SOURCE: Wreaths Across America
COLUMBIA FALL, ME--(Marketwire - Nov 1, 2012) - December marks 21 years since Morrill Worcester and his family first delivered 5,000 Maine-made balsam wreaths to Arlington National Cemetery. Since then, their trip has become an annual tradition that today includes more than 800 locations across the country and overseas, tens of thousands of dedicated volunteers, hundreds of caring sponsors, and nearly 500,000 Maine-made wreaths.
This year, in celebration of the service and dedication of so many, Wreaths Across America will share 21 days of stories that capture the essence of Wreaths Across America's mission to remember, honor and teach. Starting on Thursday, Nov. 1 and ending the day before Thanksgiving, our goal is to share the stories of those individuals and groups that have helped grow this organization to where it is today.
We encourage you to follow our "21-Day Salute" on Facebook and Twitter (#21DaySalute), share our inspiring stories and contribute your own memories of how Wreaths Across America has impacted your life.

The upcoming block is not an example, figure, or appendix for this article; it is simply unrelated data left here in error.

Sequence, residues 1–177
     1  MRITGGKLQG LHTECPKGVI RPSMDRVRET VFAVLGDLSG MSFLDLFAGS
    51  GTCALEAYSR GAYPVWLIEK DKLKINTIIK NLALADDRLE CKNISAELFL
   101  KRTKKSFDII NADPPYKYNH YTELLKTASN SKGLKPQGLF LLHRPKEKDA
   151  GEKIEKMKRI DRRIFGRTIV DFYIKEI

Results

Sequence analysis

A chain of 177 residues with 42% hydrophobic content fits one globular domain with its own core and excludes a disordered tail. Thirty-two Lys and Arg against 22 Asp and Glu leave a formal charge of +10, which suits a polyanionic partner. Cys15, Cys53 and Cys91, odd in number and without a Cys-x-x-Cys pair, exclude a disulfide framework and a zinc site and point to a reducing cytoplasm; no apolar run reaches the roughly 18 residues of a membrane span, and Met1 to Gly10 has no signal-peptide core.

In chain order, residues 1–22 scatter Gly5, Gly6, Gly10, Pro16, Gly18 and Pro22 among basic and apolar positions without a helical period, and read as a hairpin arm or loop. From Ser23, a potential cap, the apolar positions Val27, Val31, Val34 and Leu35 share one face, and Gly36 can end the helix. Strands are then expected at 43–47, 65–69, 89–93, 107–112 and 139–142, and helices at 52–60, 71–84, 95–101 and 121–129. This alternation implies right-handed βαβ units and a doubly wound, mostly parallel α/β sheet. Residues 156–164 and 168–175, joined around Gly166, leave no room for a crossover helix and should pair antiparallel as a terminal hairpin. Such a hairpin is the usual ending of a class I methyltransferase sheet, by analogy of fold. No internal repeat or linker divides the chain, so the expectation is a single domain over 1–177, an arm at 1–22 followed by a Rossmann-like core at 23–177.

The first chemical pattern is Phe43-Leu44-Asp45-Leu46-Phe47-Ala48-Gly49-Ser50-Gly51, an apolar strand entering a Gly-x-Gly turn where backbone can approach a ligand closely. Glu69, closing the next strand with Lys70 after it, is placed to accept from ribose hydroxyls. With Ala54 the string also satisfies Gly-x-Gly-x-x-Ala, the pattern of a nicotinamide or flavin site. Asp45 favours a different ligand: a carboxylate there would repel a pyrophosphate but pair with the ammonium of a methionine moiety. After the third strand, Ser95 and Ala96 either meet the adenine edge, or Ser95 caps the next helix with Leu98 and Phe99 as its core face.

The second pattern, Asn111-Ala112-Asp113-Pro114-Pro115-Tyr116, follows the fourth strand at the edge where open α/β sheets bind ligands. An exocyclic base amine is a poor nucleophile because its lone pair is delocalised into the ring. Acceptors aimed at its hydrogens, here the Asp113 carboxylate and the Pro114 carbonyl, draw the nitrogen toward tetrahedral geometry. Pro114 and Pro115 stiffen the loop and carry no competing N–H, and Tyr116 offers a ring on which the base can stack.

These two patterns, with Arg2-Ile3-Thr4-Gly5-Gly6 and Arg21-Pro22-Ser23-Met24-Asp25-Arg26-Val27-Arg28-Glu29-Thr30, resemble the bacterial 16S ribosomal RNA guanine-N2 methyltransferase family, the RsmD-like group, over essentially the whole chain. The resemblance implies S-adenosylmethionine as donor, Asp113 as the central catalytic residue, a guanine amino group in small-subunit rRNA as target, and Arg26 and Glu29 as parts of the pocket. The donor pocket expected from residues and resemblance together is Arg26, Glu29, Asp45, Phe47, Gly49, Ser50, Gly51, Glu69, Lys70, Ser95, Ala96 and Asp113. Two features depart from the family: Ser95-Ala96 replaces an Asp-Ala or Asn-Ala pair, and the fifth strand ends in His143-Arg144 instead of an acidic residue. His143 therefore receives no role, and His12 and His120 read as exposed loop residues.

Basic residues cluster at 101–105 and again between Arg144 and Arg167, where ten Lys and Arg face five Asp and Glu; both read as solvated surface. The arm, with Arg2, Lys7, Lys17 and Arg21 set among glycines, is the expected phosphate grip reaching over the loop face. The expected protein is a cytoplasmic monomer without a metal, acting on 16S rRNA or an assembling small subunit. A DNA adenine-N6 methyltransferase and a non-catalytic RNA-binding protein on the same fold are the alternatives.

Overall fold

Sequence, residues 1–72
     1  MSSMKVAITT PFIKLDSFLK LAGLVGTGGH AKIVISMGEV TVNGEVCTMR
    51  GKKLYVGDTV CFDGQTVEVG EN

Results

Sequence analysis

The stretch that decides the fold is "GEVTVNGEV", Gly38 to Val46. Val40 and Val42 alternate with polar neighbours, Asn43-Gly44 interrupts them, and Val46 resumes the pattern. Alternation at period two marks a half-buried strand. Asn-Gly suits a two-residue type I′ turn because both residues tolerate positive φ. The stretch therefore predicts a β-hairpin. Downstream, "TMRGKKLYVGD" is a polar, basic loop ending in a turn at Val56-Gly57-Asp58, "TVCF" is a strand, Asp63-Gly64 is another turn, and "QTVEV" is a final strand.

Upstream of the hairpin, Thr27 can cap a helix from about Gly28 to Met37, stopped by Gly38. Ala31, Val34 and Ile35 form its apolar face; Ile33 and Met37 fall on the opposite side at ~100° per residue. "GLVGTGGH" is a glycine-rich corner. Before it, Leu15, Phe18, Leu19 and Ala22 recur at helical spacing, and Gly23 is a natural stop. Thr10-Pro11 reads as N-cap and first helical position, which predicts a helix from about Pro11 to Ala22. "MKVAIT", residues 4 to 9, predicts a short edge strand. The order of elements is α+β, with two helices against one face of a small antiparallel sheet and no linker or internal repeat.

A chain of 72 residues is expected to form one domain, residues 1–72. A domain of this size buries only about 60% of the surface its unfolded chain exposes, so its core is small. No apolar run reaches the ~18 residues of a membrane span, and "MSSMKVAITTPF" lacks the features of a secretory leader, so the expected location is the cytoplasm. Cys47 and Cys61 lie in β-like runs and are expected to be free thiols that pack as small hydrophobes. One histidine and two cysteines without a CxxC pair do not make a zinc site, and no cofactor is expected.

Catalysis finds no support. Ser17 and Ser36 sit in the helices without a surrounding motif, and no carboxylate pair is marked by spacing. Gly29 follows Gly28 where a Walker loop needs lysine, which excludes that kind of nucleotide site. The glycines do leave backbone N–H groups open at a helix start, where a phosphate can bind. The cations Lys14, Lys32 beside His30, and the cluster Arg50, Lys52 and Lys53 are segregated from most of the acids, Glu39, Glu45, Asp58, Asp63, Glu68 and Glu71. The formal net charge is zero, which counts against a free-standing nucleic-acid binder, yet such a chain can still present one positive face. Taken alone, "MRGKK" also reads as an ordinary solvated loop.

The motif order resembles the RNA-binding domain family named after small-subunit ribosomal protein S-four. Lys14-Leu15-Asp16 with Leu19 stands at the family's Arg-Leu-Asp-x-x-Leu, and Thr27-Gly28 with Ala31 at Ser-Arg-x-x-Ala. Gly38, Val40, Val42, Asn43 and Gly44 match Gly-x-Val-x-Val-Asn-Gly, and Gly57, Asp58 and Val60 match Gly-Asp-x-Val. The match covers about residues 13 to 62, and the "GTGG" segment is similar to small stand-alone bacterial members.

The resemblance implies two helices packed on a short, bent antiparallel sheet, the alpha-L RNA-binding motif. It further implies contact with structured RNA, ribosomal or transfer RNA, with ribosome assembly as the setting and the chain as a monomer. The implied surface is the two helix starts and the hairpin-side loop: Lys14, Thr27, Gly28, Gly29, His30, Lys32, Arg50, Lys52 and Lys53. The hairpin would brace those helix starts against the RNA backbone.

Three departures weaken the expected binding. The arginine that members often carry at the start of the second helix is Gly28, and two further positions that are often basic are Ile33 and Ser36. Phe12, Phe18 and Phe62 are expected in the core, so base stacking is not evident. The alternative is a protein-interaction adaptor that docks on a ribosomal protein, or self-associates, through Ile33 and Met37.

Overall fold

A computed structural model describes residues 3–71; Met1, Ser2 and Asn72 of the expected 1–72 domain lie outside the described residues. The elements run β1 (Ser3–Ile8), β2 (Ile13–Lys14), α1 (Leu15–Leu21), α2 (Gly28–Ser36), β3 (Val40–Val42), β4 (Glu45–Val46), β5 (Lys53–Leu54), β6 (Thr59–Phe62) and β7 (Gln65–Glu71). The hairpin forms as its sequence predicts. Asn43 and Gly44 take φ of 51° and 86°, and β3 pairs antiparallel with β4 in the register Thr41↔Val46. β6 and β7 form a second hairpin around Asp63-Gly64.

Wreaths Across America reaches the next generation
Morrill Worcester, owner of Worcester Wreath Company of Harrington, Maine, was a 12-year-old paper boy for the Bangor Daily News when he won a trip to Washington, D.C. His first trip to our nation's capital was one he would never forget, and Arlington National Cemetery made an especially indelible impression on him. This experience followed him throughout his life and successful career in business, reminding him that his good fortune was due, in large part, to the values of this nation and the veterans who made the ultimate sacrifice for their country.
In 1992, Worcester Wreath found themselves with a surplus of wreaths nearing the end of the holiday season. Remembering his boyhood experience at Arlington, Worcester realized he had an opportunity to honor our country's veterans. With the help of Maine Senator Olympia Snowe, arrangements were made for the wreaths to be placed at Arlington in one of the older sections of the cemetery -- a section that had been receiving fewer visitors with each passing year.
Twenty-one years later, Morrill's 12-year-old grandson Duke is poised to carry on the tradition through Wreaths Across America. The organization has a goal to place a wreath at every headstone at Arlington National Cemetery, but they have a dream that people across the country will share the mission of WAA for generations.